He claimed his critics didn’t like his work because it was “too noisy,” but he didn’t care what any of them said. George Luks’s determination to paint only what interested him was his greatest strength—and his greatest weakness.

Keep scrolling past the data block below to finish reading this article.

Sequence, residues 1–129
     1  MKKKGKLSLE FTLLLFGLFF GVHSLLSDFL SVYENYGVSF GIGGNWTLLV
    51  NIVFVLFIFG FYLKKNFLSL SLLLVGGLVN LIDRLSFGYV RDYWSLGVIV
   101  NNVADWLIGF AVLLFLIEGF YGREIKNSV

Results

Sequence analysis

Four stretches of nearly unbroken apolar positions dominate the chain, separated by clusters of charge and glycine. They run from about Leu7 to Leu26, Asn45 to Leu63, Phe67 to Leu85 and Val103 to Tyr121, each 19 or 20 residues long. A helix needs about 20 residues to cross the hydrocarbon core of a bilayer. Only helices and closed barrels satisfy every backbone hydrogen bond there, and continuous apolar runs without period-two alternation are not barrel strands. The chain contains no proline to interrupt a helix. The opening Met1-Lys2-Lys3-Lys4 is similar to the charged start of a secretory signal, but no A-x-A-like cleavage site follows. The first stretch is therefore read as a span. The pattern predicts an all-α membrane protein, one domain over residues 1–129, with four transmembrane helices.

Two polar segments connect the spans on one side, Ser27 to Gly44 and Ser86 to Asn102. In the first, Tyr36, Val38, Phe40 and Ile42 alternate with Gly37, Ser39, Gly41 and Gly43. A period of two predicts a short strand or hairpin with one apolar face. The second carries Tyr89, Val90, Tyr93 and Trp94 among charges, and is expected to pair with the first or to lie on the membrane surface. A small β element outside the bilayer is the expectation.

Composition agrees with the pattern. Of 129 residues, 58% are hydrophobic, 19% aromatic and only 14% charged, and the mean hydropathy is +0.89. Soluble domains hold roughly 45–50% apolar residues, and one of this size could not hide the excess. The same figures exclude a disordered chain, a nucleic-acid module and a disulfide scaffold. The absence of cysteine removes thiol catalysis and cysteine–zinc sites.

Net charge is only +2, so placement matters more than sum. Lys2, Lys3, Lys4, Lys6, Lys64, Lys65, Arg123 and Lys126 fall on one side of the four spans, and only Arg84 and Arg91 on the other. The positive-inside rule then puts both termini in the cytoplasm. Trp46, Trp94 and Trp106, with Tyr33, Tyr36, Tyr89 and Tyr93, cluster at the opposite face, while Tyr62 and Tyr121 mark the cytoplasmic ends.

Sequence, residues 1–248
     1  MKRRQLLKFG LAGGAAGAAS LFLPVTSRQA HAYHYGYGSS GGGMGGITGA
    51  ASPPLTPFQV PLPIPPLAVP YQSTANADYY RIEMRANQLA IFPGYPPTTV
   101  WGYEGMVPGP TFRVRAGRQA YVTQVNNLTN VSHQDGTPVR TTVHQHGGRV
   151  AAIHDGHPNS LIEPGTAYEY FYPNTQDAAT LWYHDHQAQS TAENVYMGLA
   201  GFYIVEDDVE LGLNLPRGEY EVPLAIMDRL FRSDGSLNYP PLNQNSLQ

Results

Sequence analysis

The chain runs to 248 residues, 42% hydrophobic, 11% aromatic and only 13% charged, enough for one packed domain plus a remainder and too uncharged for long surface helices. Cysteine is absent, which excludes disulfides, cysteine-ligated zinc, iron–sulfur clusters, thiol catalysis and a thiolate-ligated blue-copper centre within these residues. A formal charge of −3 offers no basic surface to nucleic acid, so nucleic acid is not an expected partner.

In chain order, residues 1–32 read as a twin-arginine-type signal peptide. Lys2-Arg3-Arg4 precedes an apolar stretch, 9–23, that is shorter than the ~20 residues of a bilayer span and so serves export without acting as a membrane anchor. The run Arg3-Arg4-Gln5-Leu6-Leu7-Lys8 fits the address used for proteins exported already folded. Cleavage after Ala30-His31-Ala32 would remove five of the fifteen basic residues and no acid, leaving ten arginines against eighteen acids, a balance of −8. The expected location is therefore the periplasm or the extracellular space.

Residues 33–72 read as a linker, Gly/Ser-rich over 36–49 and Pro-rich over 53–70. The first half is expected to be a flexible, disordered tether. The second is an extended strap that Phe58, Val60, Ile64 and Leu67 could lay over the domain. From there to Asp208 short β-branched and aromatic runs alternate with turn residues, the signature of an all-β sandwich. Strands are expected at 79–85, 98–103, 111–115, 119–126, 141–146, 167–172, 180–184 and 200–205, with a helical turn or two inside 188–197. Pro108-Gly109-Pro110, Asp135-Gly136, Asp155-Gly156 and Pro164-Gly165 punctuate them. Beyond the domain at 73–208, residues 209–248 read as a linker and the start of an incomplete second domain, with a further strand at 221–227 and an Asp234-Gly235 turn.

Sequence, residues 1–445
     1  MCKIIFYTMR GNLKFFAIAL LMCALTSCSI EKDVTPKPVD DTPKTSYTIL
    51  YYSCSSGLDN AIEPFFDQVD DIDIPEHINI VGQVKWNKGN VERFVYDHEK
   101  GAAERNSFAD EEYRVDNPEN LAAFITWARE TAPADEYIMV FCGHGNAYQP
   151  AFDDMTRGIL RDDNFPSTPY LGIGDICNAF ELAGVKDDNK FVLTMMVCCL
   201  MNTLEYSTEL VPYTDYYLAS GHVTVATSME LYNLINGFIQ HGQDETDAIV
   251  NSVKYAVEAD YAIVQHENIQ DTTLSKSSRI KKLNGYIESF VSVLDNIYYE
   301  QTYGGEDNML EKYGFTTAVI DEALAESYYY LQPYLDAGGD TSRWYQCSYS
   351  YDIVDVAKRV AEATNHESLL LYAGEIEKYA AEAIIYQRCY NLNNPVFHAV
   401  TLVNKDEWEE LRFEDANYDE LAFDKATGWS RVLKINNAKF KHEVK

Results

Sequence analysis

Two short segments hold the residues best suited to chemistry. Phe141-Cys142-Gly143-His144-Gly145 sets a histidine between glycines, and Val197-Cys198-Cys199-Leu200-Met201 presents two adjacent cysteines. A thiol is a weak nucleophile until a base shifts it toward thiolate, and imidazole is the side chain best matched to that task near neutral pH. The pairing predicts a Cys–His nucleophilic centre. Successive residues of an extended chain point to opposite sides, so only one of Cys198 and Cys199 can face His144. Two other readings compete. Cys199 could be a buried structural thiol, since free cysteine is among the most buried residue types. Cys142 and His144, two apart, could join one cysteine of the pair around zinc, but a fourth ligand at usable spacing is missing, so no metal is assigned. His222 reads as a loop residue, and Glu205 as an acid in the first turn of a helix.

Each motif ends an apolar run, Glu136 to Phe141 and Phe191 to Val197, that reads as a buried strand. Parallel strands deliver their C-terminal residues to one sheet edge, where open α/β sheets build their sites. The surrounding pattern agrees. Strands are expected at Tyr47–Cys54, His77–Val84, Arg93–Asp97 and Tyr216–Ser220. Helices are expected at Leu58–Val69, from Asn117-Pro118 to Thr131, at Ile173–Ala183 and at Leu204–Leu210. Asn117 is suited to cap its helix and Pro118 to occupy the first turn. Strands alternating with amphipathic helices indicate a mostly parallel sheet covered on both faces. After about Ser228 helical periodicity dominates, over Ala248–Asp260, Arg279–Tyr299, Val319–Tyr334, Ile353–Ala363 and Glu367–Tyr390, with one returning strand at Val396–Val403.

Probing westward along the streets of Manhattan, the first light of Sunday, October 29,1933, revealed, stretched out in a doorway on Sixth Avenue, near Fifty-second Street, under the el, a well-dressed elderly man, solidly built and balding, with a little patch of fine white hair, an inverted triangle, at the center of his forehead. He was dead. Letters in an inside jacket pocket identified him as George B. Luks, the artist, of 140 East Twenty-eighth Street, and an examination of his corpse established that he had been felled by a heart attack.Read more »